Roosevelt Papers: Telegram

The Secretary of State to the President 1


For the President From Secretary Hull

Treasury, War and State Departments are wholly in accord with revision upward for the franc for military and political reasons, the advisability of revising the exchange rates now in use for North and West Africa having been under consideration in Washington. It is felt, however, that you should be advised that the suggested adjustment to fifty francs to the dollar probably carries action somewhat too far, and, providing it would meet military and political circumstances, the rate of fifty-five or even sixty would be preferable, for this would lessen the possibility that economic and financial conditions would necessitate a future revision. It is not possible for us to judge whether it is too late to give additional consideration to the question of the rate.

If the French National Committee will adjust rate in territories under their direction to the rate which may be established now for French North Africa and French West Africa, we believe a most useful purpose will be served.2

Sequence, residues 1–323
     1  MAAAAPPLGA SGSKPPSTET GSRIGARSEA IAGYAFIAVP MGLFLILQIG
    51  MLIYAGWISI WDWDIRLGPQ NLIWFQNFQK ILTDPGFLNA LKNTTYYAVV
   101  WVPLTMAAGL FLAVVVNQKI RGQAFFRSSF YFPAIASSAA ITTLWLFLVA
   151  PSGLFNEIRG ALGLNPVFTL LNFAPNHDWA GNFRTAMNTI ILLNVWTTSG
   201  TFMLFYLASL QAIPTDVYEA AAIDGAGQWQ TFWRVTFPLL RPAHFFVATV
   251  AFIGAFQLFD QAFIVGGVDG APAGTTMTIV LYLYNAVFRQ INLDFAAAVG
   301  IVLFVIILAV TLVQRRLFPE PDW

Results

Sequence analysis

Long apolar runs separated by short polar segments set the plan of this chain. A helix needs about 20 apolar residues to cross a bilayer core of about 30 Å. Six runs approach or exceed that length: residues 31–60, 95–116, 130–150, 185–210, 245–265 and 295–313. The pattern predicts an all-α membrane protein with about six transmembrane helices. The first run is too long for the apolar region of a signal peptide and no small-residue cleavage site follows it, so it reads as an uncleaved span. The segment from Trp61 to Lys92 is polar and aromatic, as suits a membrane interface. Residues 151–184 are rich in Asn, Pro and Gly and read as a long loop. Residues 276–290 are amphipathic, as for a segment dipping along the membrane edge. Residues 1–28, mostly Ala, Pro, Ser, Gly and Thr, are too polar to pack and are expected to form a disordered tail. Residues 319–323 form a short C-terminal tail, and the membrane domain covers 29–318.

1. As prepared in the Department of State for transmission to the President, this message was dated January 22 (851R.5151/10).
  2. The Roosevelt Papers contain a telegram of January 21, 1943, from Eden for Macmillan, which reported that the British Treasury officials welcomed the news of the proposed revision in the dollar-pound-franc exchange rate. The British Treasury attached the greatest importance to the rate being made universal throughout the French Empire and assumed that the necessary arrangements would be made both with Giraud and de Gaulle.